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Tuesday, November 08, 2005

Program your TiVo through Yahoo

Yahoo continued its steady push beyond personal computers and into the living room, announcing Monday a partnership with TiVo that allows people to program their digital video recorders over the Internet.

The ability to remotely instruct a TiVo device what to record is not itself a breakthrough; TiVo users can already do that through the company's Web site.

But the collaboration kicks off what could turn into a broader partnership, the companies said. By the end of the year, for instance, TiVo subscribers might be able to start accessing certain Yahoo services -- such as photos, weather and traffic -- through their TiVo set-top boxes.

The deal is yet another signal that Yahoo intends to be a major player in the convergence of Internet and television technologies.

The Sunnyvale company has been trying to move its content and services onto other devices besides the PC; it has a partnership with SBC Communications that could eventually push Yahoo-branded content onto mobile phones and home stereo systems.

``It's sort of like you're seeing Yahoo spread its wings and be more of a portal that ties into the TV in your home,'' said Michael Goodman, an analyst with the Yankee Group.

David Katz, head of sports and entertainment for Yahoo, said the deal furthers the company's ``mission of delivering what consumers want, when, how and where they want it.''

Monday's deal should help extend the reach of both companies' brands, particularly TiVo, headquartered in Alviso, north of San Jose.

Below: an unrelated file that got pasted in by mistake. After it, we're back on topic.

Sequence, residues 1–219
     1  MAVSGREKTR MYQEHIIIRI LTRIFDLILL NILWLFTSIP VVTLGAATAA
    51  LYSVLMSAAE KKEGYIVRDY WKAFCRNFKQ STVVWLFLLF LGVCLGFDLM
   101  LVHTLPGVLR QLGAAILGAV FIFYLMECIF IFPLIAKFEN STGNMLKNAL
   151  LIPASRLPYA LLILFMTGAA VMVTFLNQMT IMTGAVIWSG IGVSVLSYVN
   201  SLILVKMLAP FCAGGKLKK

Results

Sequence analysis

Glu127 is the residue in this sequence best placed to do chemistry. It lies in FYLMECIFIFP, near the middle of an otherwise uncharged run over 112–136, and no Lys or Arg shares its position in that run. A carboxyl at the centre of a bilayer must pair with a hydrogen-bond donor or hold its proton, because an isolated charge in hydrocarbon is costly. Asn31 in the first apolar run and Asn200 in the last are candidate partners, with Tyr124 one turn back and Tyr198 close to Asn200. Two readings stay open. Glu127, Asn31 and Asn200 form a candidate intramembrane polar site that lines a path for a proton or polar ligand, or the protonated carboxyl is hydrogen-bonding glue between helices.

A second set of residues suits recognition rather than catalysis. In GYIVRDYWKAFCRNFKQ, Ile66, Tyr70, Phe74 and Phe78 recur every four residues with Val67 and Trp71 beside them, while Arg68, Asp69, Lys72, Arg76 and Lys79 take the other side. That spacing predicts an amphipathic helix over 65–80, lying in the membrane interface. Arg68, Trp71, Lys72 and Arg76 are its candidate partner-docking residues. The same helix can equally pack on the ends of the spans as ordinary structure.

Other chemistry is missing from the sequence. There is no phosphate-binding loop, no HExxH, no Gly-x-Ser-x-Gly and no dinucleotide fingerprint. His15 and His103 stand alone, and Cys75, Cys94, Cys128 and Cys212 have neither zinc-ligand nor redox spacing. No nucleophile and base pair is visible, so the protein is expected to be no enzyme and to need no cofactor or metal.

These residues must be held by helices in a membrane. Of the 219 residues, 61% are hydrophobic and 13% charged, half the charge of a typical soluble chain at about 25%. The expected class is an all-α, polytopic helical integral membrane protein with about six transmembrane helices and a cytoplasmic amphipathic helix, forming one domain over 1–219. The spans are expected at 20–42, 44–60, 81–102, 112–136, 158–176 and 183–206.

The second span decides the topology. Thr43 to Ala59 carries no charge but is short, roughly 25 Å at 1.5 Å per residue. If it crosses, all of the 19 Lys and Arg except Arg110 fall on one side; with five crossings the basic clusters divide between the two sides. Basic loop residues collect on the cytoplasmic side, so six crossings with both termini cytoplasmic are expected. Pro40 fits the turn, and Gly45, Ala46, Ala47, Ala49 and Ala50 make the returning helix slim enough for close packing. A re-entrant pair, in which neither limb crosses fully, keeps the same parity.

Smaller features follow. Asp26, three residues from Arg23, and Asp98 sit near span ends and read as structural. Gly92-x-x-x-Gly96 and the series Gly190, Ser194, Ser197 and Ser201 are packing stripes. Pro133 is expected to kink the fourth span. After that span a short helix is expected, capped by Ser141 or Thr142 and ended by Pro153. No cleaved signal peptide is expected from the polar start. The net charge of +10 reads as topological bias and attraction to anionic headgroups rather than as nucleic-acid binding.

At one time the lone player in the digital video recorder industry, TiVo has seen its market share eroded by competitive digital recorder-makers and scheduling services, including the cable and satellite companies who used to be its partners.

Satellite TV service DirecTV, for instance, used to sell TiVo-branded digital video recorders but recently launched an aggressive marketing campaign for its own video recorder.

Under the new partnership with Yahoo, visitors to Yahoo's TV schedule page will see a prominent TiVo link that allows them to add programs to the recording schedules for their Series 2 recorders.

``We think there's a great deal of compatibility among our brands and customer bases and subscribers and their interests in entertainment,'' said Naveen Chopra, director of business development for TiVo.

Analyst Phil Leigh of research firm Inside Digital Media said he can foresee people searching for video content through the Internet and simultaneously scheduling it for recording on their TiVos.

``I think the integration of video search and TiVo is coming,'' he said.

TiVos have been connected to the Internet for years. But the company has resisted the temptation to just offer subscribers Internet access through their televisions -- a model attempted by other companies over the years without much success. Instead, Chopra said, TiVo is focused on developing ``specific applications well-suited to the TV,'' such as the ability to order movie theater tickets via TV while simultaneously watching a Julia Roberts movie.

``We're very focused on what makes sense,'' Chopra said.

Similarly, Yahoo has been studying the best ways to take advantage of the convergence of the Internet and TV. The Sunnyvale Internet giant has partnerships with both SBC and Verizon, two communications companies hoping to bring Internet-based televisions into homes.

Yahoo could use those partnerships to put some of its services onto TV sets.

Also Monday, the Wall Street Journal reported that Yahoo and SBC will soon introduce a co-branded cell phone that would integrate with Yahoo services such as music, photos and e-mail. Yahoo had no comment on the report.



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